Missouri Forgot Its Umbrella
Anyone familiar with Missouri weather knows that regardless of the day’s forecast, you should probably still be prepared in case it rains. Well, it’s sunny right now in Jefferson City as Missouri’s government remains awash in cash (as evidenced by the legislature’s recent passage of by far the largest budget in state history), which means this past legislative session would have been the perfect time for our elected officials to prepare for the next rainy day. Instead, Missouri legislators are betting we won’t be needing an umbrella.
As I wrote nearly a year ago, Missouri is not prepared for the next recession, and the inadequacy of the state’s rainy-day fund is a big reason why. That’s also why my colleagues and I included rainy-day fund reform as a top priority in our 2022 blueprint. Missouri’s rainy-day fund has serious problems; it’s too small, too hard to access, and it’s too hard to restore funds once they’re used.
Missouri’s rainy-day fund has two big problems: it ranks in the bottom half of states in available savings, and complicated rules make it difficult to use. As a result, it’s never once been called upon for budget stabilization purposes. When a recession hits, and state tax revenues decline, it’s helpful for governments to have some funds set aside to help plug the immediate shortfall to avoid unnecessary interruption in services until revenues rebound. Today, Missouri’s fund has around $385 million, which would only cover approximately one third of the revenue shortfall our state experienced during the Great Recession of 2008. And without a robust rainy-day fund, states are left to rely on relief from the federal government to keep them afloat.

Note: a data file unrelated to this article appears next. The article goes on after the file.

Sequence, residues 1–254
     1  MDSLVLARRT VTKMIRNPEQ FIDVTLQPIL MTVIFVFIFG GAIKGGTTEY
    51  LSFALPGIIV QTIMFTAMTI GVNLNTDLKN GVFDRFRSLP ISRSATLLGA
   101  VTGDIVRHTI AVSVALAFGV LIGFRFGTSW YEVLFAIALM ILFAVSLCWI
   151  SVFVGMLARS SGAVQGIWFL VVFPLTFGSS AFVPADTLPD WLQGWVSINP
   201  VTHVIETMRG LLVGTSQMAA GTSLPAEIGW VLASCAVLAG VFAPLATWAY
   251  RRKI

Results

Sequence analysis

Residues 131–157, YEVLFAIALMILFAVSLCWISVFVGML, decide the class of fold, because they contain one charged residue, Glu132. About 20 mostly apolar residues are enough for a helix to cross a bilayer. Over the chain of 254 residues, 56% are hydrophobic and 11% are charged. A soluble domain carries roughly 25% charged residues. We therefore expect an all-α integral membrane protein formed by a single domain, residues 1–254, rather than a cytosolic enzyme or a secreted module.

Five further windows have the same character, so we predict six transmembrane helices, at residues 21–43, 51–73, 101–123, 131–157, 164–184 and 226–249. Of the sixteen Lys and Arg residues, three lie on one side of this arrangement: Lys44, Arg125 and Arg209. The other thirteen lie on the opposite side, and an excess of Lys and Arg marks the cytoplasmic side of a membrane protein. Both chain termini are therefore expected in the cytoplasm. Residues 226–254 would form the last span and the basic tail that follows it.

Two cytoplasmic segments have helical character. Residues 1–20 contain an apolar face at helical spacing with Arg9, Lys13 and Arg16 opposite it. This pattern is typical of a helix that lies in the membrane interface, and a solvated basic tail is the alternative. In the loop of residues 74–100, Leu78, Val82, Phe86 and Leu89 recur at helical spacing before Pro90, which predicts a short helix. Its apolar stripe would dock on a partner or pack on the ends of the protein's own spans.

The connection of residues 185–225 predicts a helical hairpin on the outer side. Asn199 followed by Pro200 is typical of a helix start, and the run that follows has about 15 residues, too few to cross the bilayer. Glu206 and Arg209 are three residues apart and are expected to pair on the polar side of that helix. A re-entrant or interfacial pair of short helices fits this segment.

State lawmakers had a unique opportunity this year to fix what’s been broken since Missouri’s current rainy-day fund was created in 1999. State tax revenues were up and there were more federal relief funds available than could reasonably be put to good use. This meant that for the first time in a long while, there was ample money available to invest in Missouri’s financial future. There were even efforts by the governor and the Missouri House to create a new fund, but they ultimately fell apart toward the end of this year’s legislative session.
Rising inflation and the COVID-19 pandemic illustrate the importance of governments preparing for rainy days, but also the risks associated with overreliance on federal funding to keep our collective heads above water. As the price of gas and other goods continue to soar, economic forecasters are now warning of a potential downturn in the near future. It is unfortunate Missouri’s lawmakers didn’t seize this year’s opportunity to get a better umbrella, because the chances are we’re going to need one sooner rather than later.